I make my molds from plaster (or plastic when the designs are too complicated) turned on woodturning mashine.

If you use glazed piece you advantage is also- that you can make many molds with it.
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#9 Diana Ferreira

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Posted 11 April 2012 - 02:10 PM

I bought a couple of moldmaking books. the best one I found online, was by Sasha Wardell. Slipcasting
  • ISBN-10: 0812219988
  • ISBN-13: 978-0812219982

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#10 grafj80

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Posted 30 January 2014 - 09:59 PM

I think my question was answered here but I want to be positive (newbie!)

I have a piece of bisque that I want to create a slip mold from. If I glaze fire it will I then be able to create a mold from it? I am assuming the bisque is still too porous in its current state to create a plaster mold from. 

Thanks for any information! 



#11 Norm Stuart

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Posted 31 January 2014 - 01:30 AM

You can always cover your bisqued piece with something like wax before making a mold of it.  The wax would fire out. so you could glaze it later.

 

If you glazed it, then made a cast of it, the mold would include the detail of the glazing

 

Of course the pieces you made from this mold will fire smaller than your original - because the mold is the size the slip will take, which will then shrink as it dries and fires.

 

When making an original for a mold, sculptors typically make it from something easier to use like a plastic or wax.  Why use clay with all of it's idiosyncratic shrinkage and warping problems.



#12 Chilly

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Posted 31 January 2014 - 09:02 AM

You can make a mould from bisque, but like all the comments above say, you MUST use a mould release.  You can buy soft soap from a ceramics supplier, or use oil-soap.  If you glaze your master before taking a mould from it, you could lose detail - you might then want/need to carve that back into the plaster mould.

 

My first choice for a master would be damp/wet clay, which doesn't need a mould release, nor does plastic, oil-clay or fruit and veg!  I can attest to the damp clay and plastic, the others come from "the clay lover's guide to making molds".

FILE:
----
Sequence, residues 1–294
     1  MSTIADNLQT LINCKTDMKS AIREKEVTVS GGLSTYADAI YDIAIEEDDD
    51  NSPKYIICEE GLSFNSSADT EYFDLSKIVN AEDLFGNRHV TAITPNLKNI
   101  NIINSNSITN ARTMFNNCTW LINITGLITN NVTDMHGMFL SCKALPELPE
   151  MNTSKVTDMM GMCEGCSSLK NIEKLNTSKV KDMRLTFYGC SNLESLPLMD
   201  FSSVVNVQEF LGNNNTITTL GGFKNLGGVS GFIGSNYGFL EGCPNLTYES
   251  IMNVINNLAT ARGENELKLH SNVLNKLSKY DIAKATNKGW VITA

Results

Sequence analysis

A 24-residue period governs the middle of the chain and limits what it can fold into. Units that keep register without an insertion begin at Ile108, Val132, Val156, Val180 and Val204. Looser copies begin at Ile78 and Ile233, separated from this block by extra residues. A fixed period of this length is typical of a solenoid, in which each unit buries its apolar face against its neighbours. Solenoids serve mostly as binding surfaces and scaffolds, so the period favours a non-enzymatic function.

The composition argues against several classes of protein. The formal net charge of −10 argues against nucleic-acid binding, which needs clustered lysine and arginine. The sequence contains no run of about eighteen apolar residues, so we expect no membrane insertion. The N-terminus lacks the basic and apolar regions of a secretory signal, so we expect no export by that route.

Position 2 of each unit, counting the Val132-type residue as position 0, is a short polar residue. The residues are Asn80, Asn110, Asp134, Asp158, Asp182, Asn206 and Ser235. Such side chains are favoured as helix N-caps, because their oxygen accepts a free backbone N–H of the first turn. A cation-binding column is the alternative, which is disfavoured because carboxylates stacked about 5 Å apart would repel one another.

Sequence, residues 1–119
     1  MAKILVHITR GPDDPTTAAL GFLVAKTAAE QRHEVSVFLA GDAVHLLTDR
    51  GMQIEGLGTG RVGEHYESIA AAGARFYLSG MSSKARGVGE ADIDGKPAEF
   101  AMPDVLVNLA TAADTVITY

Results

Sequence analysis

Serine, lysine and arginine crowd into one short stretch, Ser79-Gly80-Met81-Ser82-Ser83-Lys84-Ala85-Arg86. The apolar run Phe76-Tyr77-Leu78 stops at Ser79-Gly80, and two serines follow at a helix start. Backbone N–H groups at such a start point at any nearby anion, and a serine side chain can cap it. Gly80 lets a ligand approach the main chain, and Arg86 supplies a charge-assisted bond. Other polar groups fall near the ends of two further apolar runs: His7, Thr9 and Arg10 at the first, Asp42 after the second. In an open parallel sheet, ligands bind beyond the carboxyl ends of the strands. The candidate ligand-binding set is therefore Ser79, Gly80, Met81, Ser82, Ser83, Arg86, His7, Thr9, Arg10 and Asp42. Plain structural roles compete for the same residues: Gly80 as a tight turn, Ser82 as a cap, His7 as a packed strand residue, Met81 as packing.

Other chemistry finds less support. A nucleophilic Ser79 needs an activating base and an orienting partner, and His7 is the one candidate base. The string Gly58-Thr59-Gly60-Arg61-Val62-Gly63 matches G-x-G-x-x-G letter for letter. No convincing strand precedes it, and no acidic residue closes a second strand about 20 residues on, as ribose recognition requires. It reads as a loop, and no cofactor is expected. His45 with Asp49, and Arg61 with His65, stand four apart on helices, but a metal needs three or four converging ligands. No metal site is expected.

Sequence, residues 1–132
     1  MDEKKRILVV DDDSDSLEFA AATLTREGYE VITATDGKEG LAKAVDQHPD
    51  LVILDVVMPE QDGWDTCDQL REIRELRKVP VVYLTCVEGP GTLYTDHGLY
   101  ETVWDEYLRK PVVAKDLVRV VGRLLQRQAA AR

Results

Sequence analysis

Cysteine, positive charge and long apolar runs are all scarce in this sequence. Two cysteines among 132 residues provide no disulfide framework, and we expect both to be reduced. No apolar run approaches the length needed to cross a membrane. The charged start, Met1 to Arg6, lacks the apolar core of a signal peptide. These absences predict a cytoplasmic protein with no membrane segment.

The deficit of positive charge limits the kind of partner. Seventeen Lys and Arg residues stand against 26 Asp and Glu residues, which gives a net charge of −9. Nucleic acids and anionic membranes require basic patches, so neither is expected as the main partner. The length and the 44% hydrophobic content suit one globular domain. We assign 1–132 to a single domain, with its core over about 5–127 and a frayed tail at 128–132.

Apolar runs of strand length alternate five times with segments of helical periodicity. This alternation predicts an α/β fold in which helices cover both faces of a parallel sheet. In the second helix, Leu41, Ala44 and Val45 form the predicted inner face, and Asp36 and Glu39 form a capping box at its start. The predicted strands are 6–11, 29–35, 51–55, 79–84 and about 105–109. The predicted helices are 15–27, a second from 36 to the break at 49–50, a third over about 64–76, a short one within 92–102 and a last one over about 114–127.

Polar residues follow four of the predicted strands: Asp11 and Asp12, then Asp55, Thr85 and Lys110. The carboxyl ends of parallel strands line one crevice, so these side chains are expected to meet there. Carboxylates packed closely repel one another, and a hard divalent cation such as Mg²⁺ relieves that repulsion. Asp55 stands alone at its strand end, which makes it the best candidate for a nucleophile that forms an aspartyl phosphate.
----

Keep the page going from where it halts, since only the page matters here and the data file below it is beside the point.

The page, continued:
If you use damp/wet clay, you make your master the size as you would any other clay pot, and the finished pot will of course be smaller.  If you make your master from fired clay, the resultant slip-cast pots will fire smaller than your master.

 

Good luck, I'm half way through carving a block of plaster to make a press mould.  Didn't have any new plaster to make a mould, having to make the best of the "left-over" plaster from a previous mould.


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#13 Jeff Longtin

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Posted 15 March 2014 - 07:26 AM

To address a few of the questions raised on this thread:

I find it best to make molds from pieces that are inert, such as a bisque clay piece or plaster. A mold can be made from a wet/leatherhard clay piece but the moisture from the setting plaster will often deform it.  This becomes especially challenging when pouring a multiple part mold. 

Yes, a bisque piece has shrunk but only 1-2% if you fire at 06 or cooler. 

When casting products for potters I prefer they bring me a bisque piece. I then seal that piece with clear urethane. After a day, or two, I go ahead and cast a mold.

The nice thing about casting from bisque is that it gives you the freedom to make mistakes. If your parting line is not as tight as you like you can repour the offending part. 

take care

Jeff Longtin

Minneapolis